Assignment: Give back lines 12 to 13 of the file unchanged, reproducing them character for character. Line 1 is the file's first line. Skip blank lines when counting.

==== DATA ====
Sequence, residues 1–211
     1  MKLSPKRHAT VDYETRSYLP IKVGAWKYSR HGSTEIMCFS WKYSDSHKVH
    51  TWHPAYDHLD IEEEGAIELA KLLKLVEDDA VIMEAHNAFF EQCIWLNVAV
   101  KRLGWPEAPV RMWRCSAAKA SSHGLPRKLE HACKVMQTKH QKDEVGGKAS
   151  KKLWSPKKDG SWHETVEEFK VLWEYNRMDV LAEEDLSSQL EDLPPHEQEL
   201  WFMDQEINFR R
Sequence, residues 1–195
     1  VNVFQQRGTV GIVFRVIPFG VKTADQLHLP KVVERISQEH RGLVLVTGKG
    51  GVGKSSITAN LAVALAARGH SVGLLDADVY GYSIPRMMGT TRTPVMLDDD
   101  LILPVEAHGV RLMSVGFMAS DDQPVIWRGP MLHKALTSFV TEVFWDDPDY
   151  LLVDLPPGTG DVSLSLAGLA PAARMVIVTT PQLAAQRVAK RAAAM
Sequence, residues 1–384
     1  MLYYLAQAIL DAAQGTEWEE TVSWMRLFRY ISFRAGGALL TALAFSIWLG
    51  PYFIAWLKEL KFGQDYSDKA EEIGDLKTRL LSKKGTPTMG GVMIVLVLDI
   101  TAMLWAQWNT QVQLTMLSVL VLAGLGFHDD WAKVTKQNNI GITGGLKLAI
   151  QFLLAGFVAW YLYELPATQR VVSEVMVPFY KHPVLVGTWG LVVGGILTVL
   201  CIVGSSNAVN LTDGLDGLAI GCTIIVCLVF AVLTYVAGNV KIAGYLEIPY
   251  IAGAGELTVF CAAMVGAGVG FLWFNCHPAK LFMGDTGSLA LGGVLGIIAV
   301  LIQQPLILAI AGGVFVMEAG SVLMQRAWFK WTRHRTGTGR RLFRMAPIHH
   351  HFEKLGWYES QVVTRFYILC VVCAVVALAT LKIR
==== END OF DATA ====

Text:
Sequence, residues 1–384
     1  MLYYLAQAIL DAAQGTEWEE TVSWMRLFRY ISFRAGGALL TALAFSIWLG